development specialist. Long car trips with Autistic children are NOT fun.

Not long after getting the diagnosis, we found a psychiatrist who was at
least willing to treat her. He isn't treating the Autism, he is treating the
symptoms, which includes horrible Anxiety and Depression, and possible
cormorbid ADHD.
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Old 05-25-12, 01:34 PM
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Re: Autism Often Not Diagnosed Until Age 5 or Older: U.S. Report (Article)

It is so frustrating when medical professionals don't try to listen, Stay Strong!
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Old 05-25-12, 02:54 PM
Dizfriz Dizfriz is offline
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Re: Autism Often Not Diagnosed Until Age 5 or Older: U.S. Report (Article)

One of the major problems is that it usually takes special training to recognize autistic spectrum especially the less severe cases. Most professionals, even those who specialize in working with children, have difficulty making even a good screening.

Very often the symptoms for autistic spectrum are subtle and hard to pick out. It is tough. I have seen the best trained with ECI agencies (Early Childhood Intervention) but most parents and many professionals are not aware of these. Many shut off services around age 3 or 4 and there is not much available after this age.

It is a tough situation and I do not know of too many answers in this age of reduced budgets.


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Old 05-25-12, 03:21 PM
zette93 zette93 is offline
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Re: Autism Often Not Diagnosed Until Age 5 or Older: U.S. Report (Article)

I read this article elsewhere and was irritated by it. It said straight out that the majority of those cases diagnosed after age 5 were milder cases [most likely HFA or Aspergers], then goes on to say more screening by pediatricians is needed at age 2. While I'm sure there are still some clueless pediatricians out there who are missing non-verbal children at 3 and 4, the majority of these kids are verbal and could not have been diagnosed at 2.

My son was one of them. At 32 months (just over 2.5), we contacted Early Intervention because of a minor speech delay (he had two word combos, but wasn't progressing to phrases and sentences.) His speech delay wasn't enough to qualify for free therapy, but he showed some repetitive behaviors during the screening and was referred to the EI psychologist, who performed the ADOS (the gold standard for diagnosing autism). He did not score in the autistic range, and we were told he was "just strong willed."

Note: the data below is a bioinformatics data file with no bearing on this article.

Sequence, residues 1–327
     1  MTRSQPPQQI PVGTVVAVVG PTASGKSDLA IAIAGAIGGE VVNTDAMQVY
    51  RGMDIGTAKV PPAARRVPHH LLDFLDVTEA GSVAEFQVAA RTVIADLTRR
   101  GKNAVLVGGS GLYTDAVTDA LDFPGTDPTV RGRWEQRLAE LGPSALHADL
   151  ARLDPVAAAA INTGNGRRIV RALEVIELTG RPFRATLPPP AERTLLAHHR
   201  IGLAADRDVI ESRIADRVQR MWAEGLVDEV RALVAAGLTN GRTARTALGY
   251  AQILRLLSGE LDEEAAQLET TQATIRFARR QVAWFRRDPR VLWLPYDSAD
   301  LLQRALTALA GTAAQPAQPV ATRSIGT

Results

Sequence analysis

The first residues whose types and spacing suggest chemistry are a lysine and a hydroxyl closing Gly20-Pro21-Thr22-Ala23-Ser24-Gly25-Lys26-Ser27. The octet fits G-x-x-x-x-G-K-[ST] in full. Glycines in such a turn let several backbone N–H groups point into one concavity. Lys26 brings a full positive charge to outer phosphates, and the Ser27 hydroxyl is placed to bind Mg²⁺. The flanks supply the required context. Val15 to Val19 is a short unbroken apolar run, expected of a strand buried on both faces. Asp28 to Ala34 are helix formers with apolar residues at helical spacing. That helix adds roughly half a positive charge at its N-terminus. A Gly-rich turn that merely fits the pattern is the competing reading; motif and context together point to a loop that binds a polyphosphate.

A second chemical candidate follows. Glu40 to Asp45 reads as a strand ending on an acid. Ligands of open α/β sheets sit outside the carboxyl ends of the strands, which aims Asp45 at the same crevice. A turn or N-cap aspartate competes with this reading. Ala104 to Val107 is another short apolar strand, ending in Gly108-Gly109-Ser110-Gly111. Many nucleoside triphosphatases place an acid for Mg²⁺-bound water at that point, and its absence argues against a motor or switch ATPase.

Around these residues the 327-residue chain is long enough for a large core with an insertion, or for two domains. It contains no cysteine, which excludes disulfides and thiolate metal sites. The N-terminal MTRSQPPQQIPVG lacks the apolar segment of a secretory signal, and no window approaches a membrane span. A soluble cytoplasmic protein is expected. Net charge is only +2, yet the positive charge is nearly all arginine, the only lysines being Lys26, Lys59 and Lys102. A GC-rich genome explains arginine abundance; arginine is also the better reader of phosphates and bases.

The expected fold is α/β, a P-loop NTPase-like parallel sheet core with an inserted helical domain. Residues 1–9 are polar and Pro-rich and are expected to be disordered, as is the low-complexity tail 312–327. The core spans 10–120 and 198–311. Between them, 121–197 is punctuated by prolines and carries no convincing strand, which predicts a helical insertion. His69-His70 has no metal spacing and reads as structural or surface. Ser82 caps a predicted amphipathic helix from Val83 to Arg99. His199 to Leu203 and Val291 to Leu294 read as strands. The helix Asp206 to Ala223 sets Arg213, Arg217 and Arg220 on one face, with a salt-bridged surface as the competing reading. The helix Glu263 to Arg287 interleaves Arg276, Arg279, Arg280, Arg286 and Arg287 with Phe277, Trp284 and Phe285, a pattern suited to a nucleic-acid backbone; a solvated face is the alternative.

In my opinion, there really weren't any red flags until age 4, when he went into a larger preschool classroom (24 instead of 12) and was asked to try and write letters, which he did not want to do. I think the emphasis needs to be on educating preschools on what to look for, and screening questionaires about social interaction and repetitive behaviors to be given by the pediatrician at ages 3,4, and 5.

We could've maybe gotten an Aspergers diagnosis at age 4.5, if our insurance had covered the psychologist our pediatrician recommended, and the guy who was in-network wasn't such an idiot. As it was we had a six month delay from when the preschool alerted us to when he got his dx, which isn't too bad compared to many. Then another year to dx ADHD because his preschool teacher filled out the ADHD questionaire very conservatively. (I only wish we could've used that year we delayed kindergarten to get his meds figured out!)

I don't think there would've been much therapy available for him (other than speech therapy, which we did pay for out of pocket for six months) if he had been diagnosed earlier. It was very hard to find a social skills class at age 5, and we weren't seeing problematic behavior at home that would warrant ABA. Maybe DIR/Floortime with a peer to help with play skills would've been helpful.
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I highly recommend:
Lost at School and The Explosive Child by Ross W. Greene
http://www.livesinthebalance.org/walking-tour-parents -- video
Essential Ideas for Parents by Russell Barkley (video on youtube)

Parenting Children with ADHD by Vincent J. Monastra
Smart but Scattered by Peg Dawson
Parenting Your Asperger Child by Alan Sohn
Wrightslaw: From Emotions to Advocacy by Peter Wright
Overcoming Dyslexia by Sally Shaywitz
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Old 05-25-12, 04:08 PM
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Re: Autism Often Not Diagnosed Until Age 5 or Older: U.S. Report (Article)

Here is an article from the AAP in Pediatrics, Identification and Evaluation of Children With Autism Spectrum Disorders, that I came across this week. I think it was linked from something one of the author's wrote about too many Pediatricians not doing the AAP recommended screenings. Those are probably the same peds who "there, there" the parents who do notice that something is "off" --usually between 17mo and 2.5 years.

Our state doesn't have universal preschool so the first "opportunity" for ds to identified through the school system was at 5.5. They weren't interested in seeing him as anything but a behavior problem, so ds wasn't diagnosed with anything until we managed to get him into a psychiatrist at 6.5, then a developmental ped at nearly 7yo.